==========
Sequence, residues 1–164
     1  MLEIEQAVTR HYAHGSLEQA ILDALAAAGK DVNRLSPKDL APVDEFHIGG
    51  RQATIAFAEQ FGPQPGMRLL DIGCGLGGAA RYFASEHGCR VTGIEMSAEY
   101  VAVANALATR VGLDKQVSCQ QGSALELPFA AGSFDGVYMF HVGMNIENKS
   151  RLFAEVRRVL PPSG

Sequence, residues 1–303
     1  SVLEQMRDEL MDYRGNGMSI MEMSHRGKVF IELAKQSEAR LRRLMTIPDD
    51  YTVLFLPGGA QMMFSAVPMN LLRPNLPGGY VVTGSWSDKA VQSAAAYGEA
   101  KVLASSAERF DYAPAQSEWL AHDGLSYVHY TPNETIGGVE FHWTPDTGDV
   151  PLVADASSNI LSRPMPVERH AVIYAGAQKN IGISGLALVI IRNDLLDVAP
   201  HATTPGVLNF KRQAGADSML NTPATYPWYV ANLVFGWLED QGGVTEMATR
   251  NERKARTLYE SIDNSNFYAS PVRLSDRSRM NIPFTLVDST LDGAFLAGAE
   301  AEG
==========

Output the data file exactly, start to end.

Sequence, residues 1–164
     1  MLEIEQAVTR HYAHGSLEQA ILDALAAAGK DVNRLSPKDL APVDEFHIGG
    51  RQATIAFAEQ FGPQPGMRLL DIGCGLGGAA RYFASEHGCR VTGIEMSAEY
   101  VAVANALATR VGLDKQVSCQ QGSALELPFA AGSFDGVYMF HVGMNIENKS
   151  RLFAEVRRVL PPSG

Sequence, residues 1–303
     1  SVLEQMRDEL MDYRGNGMSI MEMSHRGKVF IELAKQSEAR LRRLMTIPDD
    51  YTVLFLPGGA QMMFSAVPMN LLRPNLPGGY VVTGSWSDKA VQSAAAYGEA
   101  KVLASSAERF DYAPAQSEWL AHDGLSYVHY TPNETIGGVE FHWTPDTGDV
   151  PLVADASSNI LSRPMPVERH AVIYAGAQKN IGISGLALVI IRNDLLDVAP
   201  HATTPGVLNF KRQAGADSML NTPATYPWYV ANLVFGWLED QGGVTEMATR
   251  NERKARTLYE SIDNSNFYAS PVRLSDRSRM NIPFTLVDST LDGAFLAGAE
   301  AEG